You can also close apps now -- you couldn't in the Developer Preview version. Lots of people really struggled with the concept of leaving applications open and allowing the operating system to close them if necessary to free resources.

In the current Consumer Preview version, when you hover your mouse over the very top of the screen the cursor changes into a hand. You can then click and drag the application off the screen to close it. You can also right-click an app in the task-switching panel and choose Close to close it.

You can zoom in and out of the start screen a number of ways. You can use the Zoom icon in the bottom-right of the screen; click once to zoom out and again to zoom in. You can also hold down the Control key as you zoom with the scroll wheel of the mouse, or Control + - and Control + + work too.

Windows 8 Keyboard Shortcuts

Unlike recent versions of Windows where you don't need to use shortcut keys to move around, when learning how to use Windows 8 on a desktop PC, everyone will benefit by knowing some crucial keystrokes.

Here are a bunch of Windows 8 keyboard shortcuts:

  • Windows key: display the Start menu
  • Windows + tab: display the task switching panel
  • Windows + C: reveal Charms
  • Windows + D: show the desktop
  • Windows + H: Share charm
  • Windows + I: Settings
  • Windows + K: Devices charm
  • Windows + L: Lock the screen
  • Windows + P: extend to a second monitor
  • Windows + Z: display an app's application bar
  • Alt + Tab: Cycle through open apps
  • Right-click an application window: reveal the application bar

Other Windows 8 Metro Interface Tricks

There are a couple of things to note about Charms. The Start charm takes you to the Start screen, and the Settings charm is context sensitive, so it shows you the settings for the app that you're currently using. You can use general options, such as a Power button, to choose Restart, Sleep or to Shut Down your computer.

Windows 8 Metro settings.

Figure 4: Many of the Settings Charm options are context sensitive, and here it shows options for Internet Explorer.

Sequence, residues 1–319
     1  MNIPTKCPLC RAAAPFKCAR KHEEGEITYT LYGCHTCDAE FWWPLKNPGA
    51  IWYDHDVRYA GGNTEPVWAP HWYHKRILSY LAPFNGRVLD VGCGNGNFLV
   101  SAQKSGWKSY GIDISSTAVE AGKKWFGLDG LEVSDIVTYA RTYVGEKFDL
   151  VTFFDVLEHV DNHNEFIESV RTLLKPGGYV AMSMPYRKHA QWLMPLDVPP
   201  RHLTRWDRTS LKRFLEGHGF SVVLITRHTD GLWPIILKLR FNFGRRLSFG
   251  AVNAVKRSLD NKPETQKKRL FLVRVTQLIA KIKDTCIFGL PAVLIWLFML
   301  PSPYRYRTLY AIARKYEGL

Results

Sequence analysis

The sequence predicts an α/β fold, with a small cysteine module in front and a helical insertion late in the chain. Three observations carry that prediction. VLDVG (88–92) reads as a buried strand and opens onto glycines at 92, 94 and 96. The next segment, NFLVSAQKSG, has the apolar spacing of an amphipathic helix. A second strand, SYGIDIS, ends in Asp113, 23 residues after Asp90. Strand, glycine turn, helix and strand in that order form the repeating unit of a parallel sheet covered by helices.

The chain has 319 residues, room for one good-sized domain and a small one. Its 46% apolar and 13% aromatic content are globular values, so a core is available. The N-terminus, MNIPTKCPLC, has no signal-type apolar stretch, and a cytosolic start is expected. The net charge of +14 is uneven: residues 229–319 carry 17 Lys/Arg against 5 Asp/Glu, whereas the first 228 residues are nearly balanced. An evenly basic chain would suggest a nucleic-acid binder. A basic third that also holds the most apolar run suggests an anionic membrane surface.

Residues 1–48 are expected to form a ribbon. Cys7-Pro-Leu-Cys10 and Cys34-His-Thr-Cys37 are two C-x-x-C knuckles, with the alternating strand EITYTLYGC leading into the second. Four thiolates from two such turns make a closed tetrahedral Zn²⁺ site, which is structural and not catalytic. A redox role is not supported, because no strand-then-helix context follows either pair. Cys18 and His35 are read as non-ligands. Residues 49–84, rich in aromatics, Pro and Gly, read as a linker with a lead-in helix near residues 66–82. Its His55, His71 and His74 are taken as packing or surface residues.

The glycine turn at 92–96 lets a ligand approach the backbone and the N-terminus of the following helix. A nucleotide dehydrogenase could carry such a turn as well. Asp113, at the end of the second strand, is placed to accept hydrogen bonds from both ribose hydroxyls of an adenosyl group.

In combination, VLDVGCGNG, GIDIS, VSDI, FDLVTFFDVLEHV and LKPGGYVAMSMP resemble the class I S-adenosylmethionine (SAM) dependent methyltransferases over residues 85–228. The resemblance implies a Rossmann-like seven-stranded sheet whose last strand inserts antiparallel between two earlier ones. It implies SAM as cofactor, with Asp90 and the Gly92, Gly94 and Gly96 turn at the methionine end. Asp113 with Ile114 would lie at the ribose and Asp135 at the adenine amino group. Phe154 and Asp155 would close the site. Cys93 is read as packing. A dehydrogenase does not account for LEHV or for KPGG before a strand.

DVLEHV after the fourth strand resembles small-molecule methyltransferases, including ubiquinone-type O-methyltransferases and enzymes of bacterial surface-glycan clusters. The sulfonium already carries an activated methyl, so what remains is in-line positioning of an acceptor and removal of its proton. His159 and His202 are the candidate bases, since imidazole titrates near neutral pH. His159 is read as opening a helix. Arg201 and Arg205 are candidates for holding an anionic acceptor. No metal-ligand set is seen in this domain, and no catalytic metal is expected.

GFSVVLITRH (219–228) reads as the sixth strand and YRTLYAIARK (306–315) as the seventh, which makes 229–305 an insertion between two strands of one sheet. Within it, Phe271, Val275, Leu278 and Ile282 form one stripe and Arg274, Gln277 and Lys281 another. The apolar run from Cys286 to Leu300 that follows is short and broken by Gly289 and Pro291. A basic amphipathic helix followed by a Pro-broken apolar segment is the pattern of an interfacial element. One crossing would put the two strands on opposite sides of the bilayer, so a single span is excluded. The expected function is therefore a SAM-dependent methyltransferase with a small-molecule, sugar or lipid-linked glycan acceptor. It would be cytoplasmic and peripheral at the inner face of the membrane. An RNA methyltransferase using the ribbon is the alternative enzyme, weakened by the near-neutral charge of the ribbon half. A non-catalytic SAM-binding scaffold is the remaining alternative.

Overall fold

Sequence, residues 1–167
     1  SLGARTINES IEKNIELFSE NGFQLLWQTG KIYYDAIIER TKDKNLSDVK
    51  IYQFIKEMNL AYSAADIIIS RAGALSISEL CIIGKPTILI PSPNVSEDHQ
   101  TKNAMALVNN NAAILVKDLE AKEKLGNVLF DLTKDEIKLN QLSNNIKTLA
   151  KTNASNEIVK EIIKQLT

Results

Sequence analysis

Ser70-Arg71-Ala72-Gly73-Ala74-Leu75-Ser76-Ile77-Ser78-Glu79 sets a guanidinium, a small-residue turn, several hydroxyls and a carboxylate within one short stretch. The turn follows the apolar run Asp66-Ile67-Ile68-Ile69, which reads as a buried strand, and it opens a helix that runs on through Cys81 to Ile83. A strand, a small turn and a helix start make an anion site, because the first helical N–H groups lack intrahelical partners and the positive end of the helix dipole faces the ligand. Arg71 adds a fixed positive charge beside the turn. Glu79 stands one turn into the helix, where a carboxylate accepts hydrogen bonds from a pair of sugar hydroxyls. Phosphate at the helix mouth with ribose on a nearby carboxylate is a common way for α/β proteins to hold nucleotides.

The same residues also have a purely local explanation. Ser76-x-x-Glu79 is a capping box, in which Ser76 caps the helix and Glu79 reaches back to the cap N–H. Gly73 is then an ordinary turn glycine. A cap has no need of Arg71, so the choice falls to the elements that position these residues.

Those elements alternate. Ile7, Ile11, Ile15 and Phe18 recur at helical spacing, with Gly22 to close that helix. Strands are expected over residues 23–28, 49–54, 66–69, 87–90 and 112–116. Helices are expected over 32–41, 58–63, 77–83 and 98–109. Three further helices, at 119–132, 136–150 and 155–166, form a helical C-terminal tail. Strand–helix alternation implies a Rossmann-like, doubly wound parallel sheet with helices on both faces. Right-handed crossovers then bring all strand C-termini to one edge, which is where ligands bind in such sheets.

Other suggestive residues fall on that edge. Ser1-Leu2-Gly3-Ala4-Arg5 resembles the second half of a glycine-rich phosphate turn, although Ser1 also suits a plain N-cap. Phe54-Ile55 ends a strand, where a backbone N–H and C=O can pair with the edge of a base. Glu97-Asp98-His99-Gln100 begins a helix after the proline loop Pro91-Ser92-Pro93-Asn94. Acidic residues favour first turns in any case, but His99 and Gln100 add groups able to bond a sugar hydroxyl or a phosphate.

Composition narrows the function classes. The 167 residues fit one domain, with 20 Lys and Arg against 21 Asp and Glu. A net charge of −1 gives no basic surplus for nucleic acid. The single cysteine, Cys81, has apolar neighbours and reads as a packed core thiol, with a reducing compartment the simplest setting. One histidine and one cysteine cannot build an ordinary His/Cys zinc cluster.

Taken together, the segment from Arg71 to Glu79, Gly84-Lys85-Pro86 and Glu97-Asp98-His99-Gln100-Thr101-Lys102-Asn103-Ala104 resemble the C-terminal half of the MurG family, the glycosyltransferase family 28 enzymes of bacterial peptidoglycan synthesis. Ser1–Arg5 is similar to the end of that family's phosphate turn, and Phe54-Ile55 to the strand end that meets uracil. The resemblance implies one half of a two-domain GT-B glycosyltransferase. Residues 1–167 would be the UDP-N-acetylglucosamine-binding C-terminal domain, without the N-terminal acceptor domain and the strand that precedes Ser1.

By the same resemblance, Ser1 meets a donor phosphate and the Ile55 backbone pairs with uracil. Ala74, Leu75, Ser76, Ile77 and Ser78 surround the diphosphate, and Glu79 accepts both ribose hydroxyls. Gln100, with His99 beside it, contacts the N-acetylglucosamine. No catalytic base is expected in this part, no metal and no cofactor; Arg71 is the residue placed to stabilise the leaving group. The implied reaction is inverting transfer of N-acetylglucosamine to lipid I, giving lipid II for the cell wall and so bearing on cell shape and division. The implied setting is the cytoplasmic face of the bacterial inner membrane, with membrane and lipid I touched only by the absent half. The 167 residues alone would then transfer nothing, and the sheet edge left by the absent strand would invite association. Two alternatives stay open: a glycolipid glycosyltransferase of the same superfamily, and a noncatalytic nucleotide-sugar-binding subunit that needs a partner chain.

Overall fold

Scrolling on the touch screen takes the form of swiping from left to right, which means you'll be swiping across the Metro screen from now on rather than scrolling up and down. The scroll wheel on a mouse will scroll left to right, and you can also drag the scroll bar across the bottom of the screen to move from left to right and back again.

You can access a small menu if you right-click at the bottom left corner of the screen. This gives you access to tools such as Computer Management, Command Prompt, Device Manager, Power Options and others from a standard Windows style menu.

The Metro Affect on Small Business

You might expect seasoned and advanced Windows users to embrace the Windows 8 upgrade. But most employees just want to get their daily tasks done, and they don't want to spend hours poking around trying to discover how things work.

You can't discover many of Metro's features through icons and buttons simply because there are none. Unlike other versions of Windows, everyone will need some immediate instruction to learn how to use Windows 8 so they won’t feel confused and angry.

Small businesses will be well advised to provide some training before users get Windows 8 to prepare them for the change. Also, provide your employees with cheat sheets of shortcut keys to help them adjust in the first weeks.

Helen Bradley is a respected international journalist writing regularly for small business and computer publications in the USA, Canada, South Africa, UK and Australia. You can learn more about her at her Web site, HelenBradley.com

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This article was originally published on Wednesday Mar 28th 2012